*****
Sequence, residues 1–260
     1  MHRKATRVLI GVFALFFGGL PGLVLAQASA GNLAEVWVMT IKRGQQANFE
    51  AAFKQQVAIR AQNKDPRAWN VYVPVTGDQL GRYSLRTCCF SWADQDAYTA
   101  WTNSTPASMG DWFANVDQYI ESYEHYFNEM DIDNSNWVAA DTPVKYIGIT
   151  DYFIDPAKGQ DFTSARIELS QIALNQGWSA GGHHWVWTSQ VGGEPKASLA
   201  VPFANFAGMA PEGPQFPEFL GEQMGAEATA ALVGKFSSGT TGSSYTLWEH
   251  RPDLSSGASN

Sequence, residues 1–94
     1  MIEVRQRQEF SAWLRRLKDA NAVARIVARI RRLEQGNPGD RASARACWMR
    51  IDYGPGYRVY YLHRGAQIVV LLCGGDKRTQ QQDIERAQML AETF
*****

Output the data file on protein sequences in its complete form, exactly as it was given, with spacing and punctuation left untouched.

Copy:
Sequence, residues 1–260
     1  MHRKATRVLI GVFALFFGGL PGLVLAQASA GNLAEVWVMT IKRGQQANFE
    51  AAFKQQVAIR AQNKDPRAWN VYVPVTGDQL GRYSLRTCCF SWADQDAYTA
   101  WTNSTPASMG DWFANVDQYI ESYEHYFNEM DIDNSNWVAA DTPVKYIGIT
   151  DYFIDPAKGQ DFTSARIELS QIALNQGWSA GGHHWVWTSQ VGGEPKASLA
   201  VPFANFAGMA PEGPQFPEFL GEQMGAEATA ALVGKFSSGT TGSSYTLWEH
   251  RPDLSSGASN

Sequence, residues 1–94
     1  MIEVRQRQEF SAWLRRLKDA NAVARIVARI RRLEQGNPGD RASARACWMR
    51  IDYGPGYRVY YLHRGAQIVV LLCGGDKRTQ QQDIERAQML AETF